December 8, 2016 / 3:15 PM / a year ago

CANADA FX DEBT-C$ strengthens to a 7-week high as oil climbs

* Canadian dollar at C$1.3220, or 75.64 U.S. cents
    * Loonie touches its strongest since Oct. 20 at C$1.3199
    * Bond prices lower across steeper maturity curve

    TORONTO, Dec 8 (Reuters) - The Canadian dollar strengthened
to a seven-week high against its U.S. counterpart on Thursday as
oil rose, although some gains for the loonie were pared as
currency markets gyrated after the European Central Bank's
monetary policy decisions.
    The price of oil, one of Canada's major exports, recovered
above $50 a barrel, bouncing back from the week's lows. U.S.
crude prices were up 1.17 percent at $50.35 a barrel.
    The U.S. dollar rose against a basket of major
currencies as the ECB announced it would trim asset buys from
April next year, but also broaden the maturity range for
eligible securities and permit purchases of bonds yielding below
the ECB's deposit rate. 
    At 9:39 a.m. EDT (1439 GMT), the Canadian dollar 
was trading at C$1.3220 to the greenback, or 75.64 U.S. cents,
stronger than Wednesday's close of C$1.3237, or 75.55 U.S.
cents.
    The currency's weakest level of the session was C$1.3251,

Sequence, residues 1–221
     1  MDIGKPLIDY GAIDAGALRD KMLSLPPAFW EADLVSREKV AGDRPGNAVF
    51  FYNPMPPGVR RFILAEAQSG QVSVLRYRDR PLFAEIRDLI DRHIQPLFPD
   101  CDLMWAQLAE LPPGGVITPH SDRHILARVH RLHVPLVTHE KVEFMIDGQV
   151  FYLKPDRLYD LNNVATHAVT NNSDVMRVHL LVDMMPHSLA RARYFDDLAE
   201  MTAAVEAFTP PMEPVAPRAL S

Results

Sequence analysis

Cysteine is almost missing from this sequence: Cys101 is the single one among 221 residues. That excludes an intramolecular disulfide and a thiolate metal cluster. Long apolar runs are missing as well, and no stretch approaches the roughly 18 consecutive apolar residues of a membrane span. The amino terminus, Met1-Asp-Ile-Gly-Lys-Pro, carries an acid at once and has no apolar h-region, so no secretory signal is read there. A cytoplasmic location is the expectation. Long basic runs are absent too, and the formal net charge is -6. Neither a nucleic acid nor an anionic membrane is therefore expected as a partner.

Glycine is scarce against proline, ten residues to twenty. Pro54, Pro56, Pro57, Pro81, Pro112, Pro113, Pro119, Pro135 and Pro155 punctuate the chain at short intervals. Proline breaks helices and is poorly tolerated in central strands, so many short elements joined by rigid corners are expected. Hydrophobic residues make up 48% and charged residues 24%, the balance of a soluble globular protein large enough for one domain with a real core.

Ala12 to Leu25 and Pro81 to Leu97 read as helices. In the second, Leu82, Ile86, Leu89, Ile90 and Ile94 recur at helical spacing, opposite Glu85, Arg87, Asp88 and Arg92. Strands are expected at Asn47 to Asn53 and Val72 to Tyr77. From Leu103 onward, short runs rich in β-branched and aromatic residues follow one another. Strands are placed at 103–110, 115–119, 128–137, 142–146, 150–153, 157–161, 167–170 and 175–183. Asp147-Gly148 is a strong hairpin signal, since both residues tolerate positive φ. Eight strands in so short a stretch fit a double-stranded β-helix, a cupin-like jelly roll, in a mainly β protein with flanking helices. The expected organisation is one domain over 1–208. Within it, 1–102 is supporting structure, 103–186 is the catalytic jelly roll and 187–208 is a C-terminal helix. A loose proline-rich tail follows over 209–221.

while it touched its strongest since Oct. 20 at C$1.3199.
    Recent stronger-than-expected economic data and higher oil
prices after last week's output cut agreement by members of the
Organization of the Petroleum Exporting Countries have helped
support the Canadian dollar.
    On Wednesday, the Bank of Canada pointed to a "significant"
amount of slack in the Canadian economy as it held interest
rates steady, but also used language suggesting a rate cut is
off the table as global growth picks up. 
    Canadian government bond prices were lower across a steeper
yield curve in sympathy with U.S. Treasuries and German
government bonds.
    The two-year price fell 3 Canadian cents to yield
0.719 percent and the benchmark 10-year declined 39
Canadian cents to yield 1.64 percent.

 (Reporting by Fergal Smith; Editing by Bill Trott)

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